Sugary Protein Could Play Key Role In Alzheimer’s Disease

In a bit of “reverse engineering” research using brain tissues from five people who died with Alzheimer’s disease, Johns Hopkins Medicine researchers say they discovered that a special sugar molecule could play a key role in the development of Alzheimer’s disease. If further research confirms the finding, the molecule, known as a glycan, could serve as a new target for early diagnostic tests, treatments and perhaps prevention of Alzheimer’s disease, say the researchers.

Alzheimer’s disease is the most common form of dementia in the United States. Affecting an estimated 5.8 million Americans, the progressive disorder occurs when nerve cells in the brain die due to the buildup of harmful forms of proteins called amyloid and tau.

Cleaning up the disease-causing forms of amyloid and tau is the job of the brain’s immune cells, called microglia. Earlier studies found that when cleanup is impaired, Alzheimer’s disease is more likely to occur. In some people, this is caused by an overabundance of a receptor on the microglia cells, called CD33.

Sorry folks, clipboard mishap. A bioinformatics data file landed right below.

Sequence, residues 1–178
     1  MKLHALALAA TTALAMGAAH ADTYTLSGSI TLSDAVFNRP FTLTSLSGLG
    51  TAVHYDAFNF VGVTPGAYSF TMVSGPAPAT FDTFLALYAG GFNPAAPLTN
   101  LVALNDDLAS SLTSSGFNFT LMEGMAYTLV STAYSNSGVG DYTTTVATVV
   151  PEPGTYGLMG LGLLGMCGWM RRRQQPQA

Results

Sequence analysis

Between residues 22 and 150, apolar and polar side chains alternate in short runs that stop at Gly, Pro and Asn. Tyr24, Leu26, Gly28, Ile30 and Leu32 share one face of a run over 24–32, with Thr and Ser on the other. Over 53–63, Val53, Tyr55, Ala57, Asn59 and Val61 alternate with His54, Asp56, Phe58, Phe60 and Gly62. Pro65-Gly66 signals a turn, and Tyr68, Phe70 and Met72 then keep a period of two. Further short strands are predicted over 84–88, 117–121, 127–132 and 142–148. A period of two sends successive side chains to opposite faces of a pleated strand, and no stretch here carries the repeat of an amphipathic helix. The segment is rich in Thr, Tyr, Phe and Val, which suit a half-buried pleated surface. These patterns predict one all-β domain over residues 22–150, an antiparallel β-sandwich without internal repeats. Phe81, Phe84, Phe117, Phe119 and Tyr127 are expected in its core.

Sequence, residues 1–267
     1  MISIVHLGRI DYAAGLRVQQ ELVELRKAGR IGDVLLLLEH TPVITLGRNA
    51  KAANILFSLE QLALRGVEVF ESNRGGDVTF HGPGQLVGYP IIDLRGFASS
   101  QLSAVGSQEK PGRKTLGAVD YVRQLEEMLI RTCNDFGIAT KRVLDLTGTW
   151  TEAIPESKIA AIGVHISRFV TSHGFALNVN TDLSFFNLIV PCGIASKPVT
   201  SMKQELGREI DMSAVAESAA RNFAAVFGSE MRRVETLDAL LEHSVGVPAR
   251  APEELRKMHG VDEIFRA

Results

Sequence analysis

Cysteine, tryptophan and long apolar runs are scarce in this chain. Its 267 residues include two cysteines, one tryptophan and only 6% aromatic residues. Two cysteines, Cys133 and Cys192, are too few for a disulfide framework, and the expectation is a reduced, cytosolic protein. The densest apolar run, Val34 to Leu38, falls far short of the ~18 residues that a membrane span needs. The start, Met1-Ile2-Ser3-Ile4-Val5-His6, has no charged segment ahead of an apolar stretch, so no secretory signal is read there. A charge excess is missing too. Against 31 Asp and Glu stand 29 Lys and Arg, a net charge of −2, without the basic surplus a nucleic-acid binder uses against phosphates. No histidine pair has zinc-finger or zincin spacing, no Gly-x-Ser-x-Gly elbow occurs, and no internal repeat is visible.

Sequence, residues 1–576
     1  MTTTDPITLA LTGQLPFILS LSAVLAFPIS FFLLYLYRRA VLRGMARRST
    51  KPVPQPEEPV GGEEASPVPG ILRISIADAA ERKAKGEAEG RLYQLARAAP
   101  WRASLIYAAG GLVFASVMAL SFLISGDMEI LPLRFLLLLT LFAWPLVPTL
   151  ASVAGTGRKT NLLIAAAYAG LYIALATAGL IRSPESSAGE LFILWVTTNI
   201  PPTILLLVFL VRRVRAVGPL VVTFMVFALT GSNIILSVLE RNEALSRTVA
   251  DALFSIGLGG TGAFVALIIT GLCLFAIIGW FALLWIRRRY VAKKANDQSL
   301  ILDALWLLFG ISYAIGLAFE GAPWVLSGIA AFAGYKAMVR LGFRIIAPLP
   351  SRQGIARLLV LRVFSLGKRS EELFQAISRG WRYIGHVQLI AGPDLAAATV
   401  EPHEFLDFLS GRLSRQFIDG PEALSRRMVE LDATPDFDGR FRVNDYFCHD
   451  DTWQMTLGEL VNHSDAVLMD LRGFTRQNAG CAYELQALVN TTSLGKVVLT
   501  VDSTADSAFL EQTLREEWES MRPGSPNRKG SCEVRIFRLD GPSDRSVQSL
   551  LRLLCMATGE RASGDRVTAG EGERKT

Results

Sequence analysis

A sugar molecule, known as a glycan, could serve as a new target for early diagnostic tests, treatments, and perhaps prevention of Alzheimer’s disease

Receptors are not active on their own. Something needs to connect with them to block microglia from cleaning up these toxic proteins in the brain,” says Ronald Schnaar, Ph.D., the John Jacob Abel Professor of Pharmacology at the Johns Hopkins University School of Medicine and director of the laboratory that led the study.

Past studies by the researchers showed that for CD33, these “connector” molecules are special sugars. Known to scientists as glycans, these molecules are ferried around the cell by specialized proteins that help them find their appropriate receptors. The protein-glycan combination is called a glycoprotein.

The study was published online April 20 in the Journal of Biological Chemistry.

Source: https://www.hopkinsmedicine.org/